When the Government of Nigeria issued its first "Wanted" poster of Boko Haram terrorists it wants to locate and capture it claimed that the photographs were obtained from "newsreel" footage, and since many of the original photographs were of poor quality or did not adequately show their faces, that statement was credible.
Later versions, however, contained detailed photographs of dozens of terrorists but the designated sources of that information continued to be referred to as news footage and captured media. If you take a good look at the individual photographs appearing in the more recent posters, you see individual images that are much more suited to social media postings, rather than enlarged portions of grainy news report footage. Many even look like social media portraits, or profiles, such as would be found on individual webpages. It seems that the Government of Nigeria has engaged in data mining of social media, with outstanding results.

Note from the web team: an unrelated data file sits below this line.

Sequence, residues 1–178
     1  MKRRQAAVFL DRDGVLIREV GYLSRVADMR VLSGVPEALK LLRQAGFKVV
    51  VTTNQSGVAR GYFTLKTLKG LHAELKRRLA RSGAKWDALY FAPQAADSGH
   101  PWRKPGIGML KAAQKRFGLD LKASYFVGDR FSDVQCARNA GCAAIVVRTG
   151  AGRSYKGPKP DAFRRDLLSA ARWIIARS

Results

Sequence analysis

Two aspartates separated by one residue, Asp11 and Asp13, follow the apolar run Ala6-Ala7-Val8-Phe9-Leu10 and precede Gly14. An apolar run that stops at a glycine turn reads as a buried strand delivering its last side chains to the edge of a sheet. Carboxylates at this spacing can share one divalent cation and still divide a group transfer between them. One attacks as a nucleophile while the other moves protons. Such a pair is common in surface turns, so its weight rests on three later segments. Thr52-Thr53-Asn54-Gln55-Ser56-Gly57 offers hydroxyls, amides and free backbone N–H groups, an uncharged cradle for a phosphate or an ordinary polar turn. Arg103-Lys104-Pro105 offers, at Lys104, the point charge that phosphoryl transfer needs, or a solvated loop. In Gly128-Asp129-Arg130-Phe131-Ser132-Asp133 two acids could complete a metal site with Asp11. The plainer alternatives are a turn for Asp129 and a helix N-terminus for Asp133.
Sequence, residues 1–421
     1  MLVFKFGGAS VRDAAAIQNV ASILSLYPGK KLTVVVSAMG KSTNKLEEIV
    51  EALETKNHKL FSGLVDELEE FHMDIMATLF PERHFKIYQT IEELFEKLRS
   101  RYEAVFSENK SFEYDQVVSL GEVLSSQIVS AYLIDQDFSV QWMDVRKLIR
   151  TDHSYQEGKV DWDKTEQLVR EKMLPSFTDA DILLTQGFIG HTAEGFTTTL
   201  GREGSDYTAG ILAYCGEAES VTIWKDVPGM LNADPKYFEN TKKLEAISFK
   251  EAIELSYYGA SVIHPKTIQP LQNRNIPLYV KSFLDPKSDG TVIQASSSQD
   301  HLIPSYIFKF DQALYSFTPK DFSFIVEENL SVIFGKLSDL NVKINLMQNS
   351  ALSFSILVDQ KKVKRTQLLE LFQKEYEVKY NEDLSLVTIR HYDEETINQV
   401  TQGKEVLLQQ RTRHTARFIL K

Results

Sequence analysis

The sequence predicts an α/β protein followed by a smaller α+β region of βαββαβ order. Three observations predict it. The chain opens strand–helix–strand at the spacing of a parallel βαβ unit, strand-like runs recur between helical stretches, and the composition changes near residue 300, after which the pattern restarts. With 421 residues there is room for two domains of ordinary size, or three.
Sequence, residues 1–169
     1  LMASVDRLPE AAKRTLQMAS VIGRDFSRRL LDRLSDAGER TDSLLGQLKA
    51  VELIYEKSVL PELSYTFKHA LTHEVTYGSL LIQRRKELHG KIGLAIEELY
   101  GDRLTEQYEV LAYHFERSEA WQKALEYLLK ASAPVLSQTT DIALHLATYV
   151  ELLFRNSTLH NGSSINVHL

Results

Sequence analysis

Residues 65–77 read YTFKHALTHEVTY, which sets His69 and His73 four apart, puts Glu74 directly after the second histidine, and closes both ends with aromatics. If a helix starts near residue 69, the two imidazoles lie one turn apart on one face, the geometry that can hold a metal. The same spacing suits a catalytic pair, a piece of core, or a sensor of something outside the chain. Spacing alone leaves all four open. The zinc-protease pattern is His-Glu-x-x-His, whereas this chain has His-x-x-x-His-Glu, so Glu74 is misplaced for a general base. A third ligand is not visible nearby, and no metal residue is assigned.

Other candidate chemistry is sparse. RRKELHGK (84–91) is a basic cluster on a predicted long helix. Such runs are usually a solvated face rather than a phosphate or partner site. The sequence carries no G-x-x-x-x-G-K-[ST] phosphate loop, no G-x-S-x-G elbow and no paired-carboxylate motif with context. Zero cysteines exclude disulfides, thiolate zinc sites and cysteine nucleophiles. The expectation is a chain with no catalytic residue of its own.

Considering that social media has now reached into every continent, and is in general use by all segments of society, including known terrorist groups, we suspect that many of the photographs reproduced in the Wanted posters were extracted from social media resources. While it is a given that terrorist organizations are media-savvy, the fact is social media can be a rich resource of relevant information about its activities, posted not only by their members, but family & friends, associates, and parties on the fringe of the organization, either through political alliances, business relationships, or other connections. This information, when properly accessed and retrieved, and which may not be available through any conventional methods, may be critical to a counter-terrorist investigation.